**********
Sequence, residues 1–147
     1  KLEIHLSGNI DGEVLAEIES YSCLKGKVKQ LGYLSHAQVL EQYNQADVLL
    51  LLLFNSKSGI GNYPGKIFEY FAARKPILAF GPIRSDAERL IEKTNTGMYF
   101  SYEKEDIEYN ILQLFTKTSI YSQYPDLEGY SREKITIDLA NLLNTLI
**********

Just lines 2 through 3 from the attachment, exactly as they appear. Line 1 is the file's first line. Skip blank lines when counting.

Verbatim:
     1  KLEIHLSGNI DGEVLAEIES YSCLKGKVKQ LGYLSHAQVL EQYNQADVLL
    51  LLLFNSKSGI GNYPGKIFEY FAARKPILAF GPIRSDAERL IEKTNTGMYF